Move to the woods to live deliberately.
Build your dreamhouse. Live in it with your darling. Invite everybody over.
Laugh, laugh, laugh.
And when you do yet another good thing for yet another person, and the person wants to pay you back, just say, "Pass it on."
Man, I'm gonna miss that guy. The last time I talked to him, early this year, he was feeling good, having survived a heart attack the year before, and having gotten Donna through a cancer scare. They were back to their lives, starting to plan trips and get-togethers. He sounded great.
The first time I called Donna after the memorial service, I got the answering machine. Mike's voice was still on it. I just about fell over. He had such a deep, rumbly, warm smile of a voice. It instantly reminded me of sharing an antique church pew with Mike in the office living room at staff meetings. When he spoke, his voice would vibrate through the wood of the bench and I could feel it in my bones.
Mike resonated. Best vibes of any friend I ever had. He made the life of everyone who knew him better. I still can't believe he's gone.
Friday, June 15, 2007
Look. Anybody who has problems with the ending of the final episode of The Sopranos either Just Didn't Get It or is working too hard to interpret it (and wouldn't have liked any other ending either). I heard some nitwit on NPR psychologizing David Chase, how the success of the show caused its creator to resent the audience, so the ending was just a big fuck-you. No.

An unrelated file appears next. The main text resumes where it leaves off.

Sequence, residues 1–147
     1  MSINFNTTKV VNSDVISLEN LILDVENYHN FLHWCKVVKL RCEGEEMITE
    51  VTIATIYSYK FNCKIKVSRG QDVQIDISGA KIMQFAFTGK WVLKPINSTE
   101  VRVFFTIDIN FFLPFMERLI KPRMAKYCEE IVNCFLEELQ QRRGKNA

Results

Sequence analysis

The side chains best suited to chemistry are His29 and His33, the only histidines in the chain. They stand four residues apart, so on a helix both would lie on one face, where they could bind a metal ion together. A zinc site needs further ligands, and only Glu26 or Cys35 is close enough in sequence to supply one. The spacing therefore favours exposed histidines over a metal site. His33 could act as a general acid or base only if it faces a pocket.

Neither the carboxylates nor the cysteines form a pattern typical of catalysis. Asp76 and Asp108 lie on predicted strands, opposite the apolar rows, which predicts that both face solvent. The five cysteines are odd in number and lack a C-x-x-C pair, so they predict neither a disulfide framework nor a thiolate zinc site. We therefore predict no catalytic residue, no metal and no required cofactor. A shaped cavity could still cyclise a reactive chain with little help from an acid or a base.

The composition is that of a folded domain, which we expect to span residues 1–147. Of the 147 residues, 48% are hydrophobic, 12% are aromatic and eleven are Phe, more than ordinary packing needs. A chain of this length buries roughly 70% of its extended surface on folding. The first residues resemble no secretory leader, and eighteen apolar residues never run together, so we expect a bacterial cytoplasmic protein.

The ending is perfect. Here's why:
1. Ambiguity. Gotta have it. To wrap things up clearly and neatly would be a betrayal of the entire series. Our last image is Tony looking up from his onion rings as the door to this little Jersey diner opens. Did Meadow just walk in? Is the front door the only door opening? Or has that suspicious-looking guy re-emerged from the bathroom like Michael Corleone in a Members Only jacket? Who are those other guys who came in before? Who, or what, is Tony looking at?